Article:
More than 20 years ago, the glimmer of cause marketing made its debut with a patriotic call by the Statue of Liberty renovation folks. Lee Iacocca, former CEO of Chrysler, was its spokesperson. The campaign blended corporate sponsorship, PR and more in creating a successful public-private partnership
The campaign spurred my interest about how to blend worthy social causes with brands in a manner that would create a win-win for all parties. I created a separate company (The Pearlman Group) devoted to social responsibility and the concept of “doing well by doing good.” We sought out like-minded CEO’s who might embrace a cause that fit their brand’s culture and would resonate with its target constituents. Examples were Coca Cola and education, Crystal Cruises and cleaner oceans and bays, and Chevrolet/Geo and the environment.
In the latter case, we linked the most fuel-efficient cars in America (Geo, a JV with Toyota) with non-profit tree planting/beautification non-profits in cities throughout out the U.S. (one tree planted for every Geo sold). Burning less fuel led to less CO2 in the atmosphere, and trees contribute to taking CO2 out of the atmosphere…and this was planned as a prelude to GM’s launch of the electric car, Earth Day and more. The seven-year campaign (“Think Globally, Act Locally…It’s Geo-logic”) was fully integrated using sponsorship/event marketing and public relations as its foundation, and being supported by direct/interactive, social and traditional advertising. Consumers, dealers, government agencies (city, state and national) and GM employees all responded enthusiastically. Some skeptical media got onboard when they saw the campaign was authentic and could not deny that what was good for society, could also be good for business (as frosting on our cause effort, the program was expanded to include Chevy Trucks supporting reforestation of U.S. National Parks). The Geo Tree Program was credited with assisting the most successful auto launch in U.S. history (volume of vehicles sold).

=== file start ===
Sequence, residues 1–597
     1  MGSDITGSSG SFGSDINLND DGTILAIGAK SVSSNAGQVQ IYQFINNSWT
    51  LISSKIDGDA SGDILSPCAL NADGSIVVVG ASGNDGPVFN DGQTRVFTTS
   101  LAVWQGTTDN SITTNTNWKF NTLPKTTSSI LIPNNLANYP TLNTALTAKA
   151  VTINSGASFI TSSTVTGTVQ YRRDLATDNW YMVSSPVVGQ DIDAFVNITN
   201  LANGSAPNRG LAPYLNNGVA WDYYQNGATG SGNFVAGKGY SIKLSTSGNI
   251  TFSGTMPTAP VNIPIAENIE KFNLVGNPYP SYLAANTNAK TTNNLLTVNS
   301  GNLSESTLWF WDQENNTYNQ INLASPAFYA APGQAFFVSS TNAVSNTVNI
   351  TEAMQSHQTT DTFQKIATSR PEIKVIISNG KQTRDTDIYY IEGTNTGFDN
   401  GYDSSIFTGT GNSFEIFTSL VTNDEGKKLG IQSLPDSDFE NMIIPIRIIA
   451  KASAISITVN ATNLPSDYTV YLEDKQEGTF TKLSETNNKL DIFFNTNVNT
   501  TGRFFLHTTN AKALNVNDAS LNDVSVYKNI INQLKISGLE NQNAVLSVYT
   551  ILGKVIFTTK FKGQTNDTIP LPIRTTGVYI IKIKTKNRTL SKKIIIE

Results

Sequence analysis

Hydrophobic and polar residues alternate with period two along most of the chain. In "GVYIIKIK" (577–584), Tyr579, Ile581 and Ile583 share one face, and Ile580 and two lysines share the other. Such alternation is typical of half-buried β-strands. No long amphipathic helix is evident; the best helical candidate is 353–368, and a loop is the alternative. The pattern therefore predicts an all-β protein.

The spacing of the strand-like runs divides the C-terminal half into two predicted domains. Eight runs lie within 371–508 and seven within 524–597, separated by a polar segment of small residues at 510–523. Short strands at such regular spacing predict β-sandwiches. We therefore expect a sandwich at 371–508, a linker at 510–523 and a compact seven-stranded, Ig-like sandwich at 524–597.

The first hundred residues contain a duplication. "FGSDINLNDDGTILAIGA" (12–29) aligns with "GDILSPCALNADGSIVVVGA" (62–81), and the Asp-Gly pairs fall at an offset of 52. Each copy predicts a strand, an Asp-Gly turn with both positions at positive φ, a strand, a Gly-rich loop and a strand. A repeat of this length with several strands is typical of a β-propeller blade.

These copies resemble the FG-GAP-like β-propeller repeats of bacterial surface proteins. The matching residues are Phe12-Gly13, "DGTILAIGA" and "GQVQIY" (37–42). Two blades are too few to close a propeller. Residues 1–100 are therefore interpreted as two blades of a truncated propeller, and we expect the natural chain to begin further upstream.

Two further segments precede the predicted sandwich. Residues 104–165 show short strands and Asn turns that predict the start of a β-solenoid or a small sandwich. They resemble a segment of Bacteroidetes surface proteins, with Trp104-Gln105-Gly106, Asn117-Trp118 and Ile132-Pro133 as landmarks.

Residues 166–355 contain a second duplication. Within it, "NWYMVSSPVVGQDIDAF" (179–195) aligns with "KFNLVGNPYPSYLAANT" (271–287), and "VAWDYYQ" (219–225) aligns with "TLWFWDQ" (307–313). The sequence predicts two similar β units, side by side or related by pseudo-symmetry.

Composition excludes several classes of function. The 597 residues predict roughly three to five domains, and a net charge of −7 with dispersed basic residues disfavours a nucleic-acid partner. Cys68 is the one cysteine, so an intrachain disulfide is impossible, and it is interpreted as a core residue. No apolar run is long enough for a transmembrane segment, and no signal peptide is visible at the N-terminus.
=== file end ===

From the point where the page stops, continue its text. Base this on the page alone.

For a few years, cause marketing had its day in the sun, but by 2000 it was trivialized as every brand manager and agency account executive tried to come up with cause promotions such including discounts, one-off promotions donating a percentage of profits to a non-profit, and so forth.'
Eventually, cause marketing was viewed as passé and a bit superficial…and began to fade away as the economy ran into trouble and non-essential programs were eliminated.
Recently, some brands and programs have revived cause marketing with solid long-term strategic planning, authentic motives and synergy between their chosen cause and brand….
Target (the retail chain) and education, Tom’s Shoes and needy children, BP cleanup/tourism program atoning for its oil spill in the Gulf, Home Depot and Habitat for Humanity…all renew the faith of employees, customers, non-profit volunteers and regulatory bodies who respond favorably in today’s marketplace.
Selective cause programs have merit more than ever. Brands would do well to consider the benefits of such programs as they seek to differentiate themselves from competitors, and lay the foundation for potential goodwill (in the event of a crisis) while remaining true to themselves and their constituencies.